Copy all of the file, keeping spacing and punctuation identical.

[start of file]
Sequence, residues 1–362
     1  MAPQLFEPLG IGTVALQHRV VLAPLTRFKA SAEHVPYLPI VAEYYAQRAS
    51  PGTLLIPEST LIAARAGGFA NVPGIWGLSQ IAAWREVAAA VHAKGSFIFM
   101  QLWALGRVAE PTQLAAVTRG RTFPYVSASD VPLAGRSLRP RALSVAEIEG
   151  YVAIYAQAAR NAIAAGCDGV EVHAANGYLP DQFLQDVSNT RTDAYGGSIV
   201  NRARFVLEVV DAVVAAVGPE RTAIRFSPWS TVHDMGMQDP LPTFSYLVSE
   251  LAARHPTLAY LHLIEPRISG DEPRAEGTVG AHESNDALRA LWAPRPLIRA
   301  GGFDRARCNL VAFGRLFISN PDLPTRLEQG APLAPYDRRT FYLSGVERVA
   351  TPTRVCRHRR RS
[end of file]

Sequence, residues 1–362
     1  MAPQLFEPLG IGTVALQHRV VLAPLTRFKA SAEHVPYLPI VAEYYAQRAS
    51  PGTLLIPEST LIAARAGGFA NVPGIWGLSQ IAAWREVAAA VHAKGSFIFM
   101  QLWALGRVAE PTQLAAVTRG RTFPYVSASD VPLAGRSLRP RALSVAEIEG
   151  YVAIYAQAAR NAIAAGCDGV EVHAANGYLP DQFLQDVSNT RTDAYGGSIV
   201  NRARFVLEVV DAVVAAVGPE RTAIRFSPWS TVHDMGMQDP LPTFSYLVSE
   251  LAARHPTLAY LHLIEPRISG DEPRAEGTVG AHESNDALRA LWAPRPLIRA
   301  GGFDRARCNL VAFGRLFISN PDLPTRLEQG APLAPYDRRT FYLSGVERVA
   351  TPTRVCRHRR RS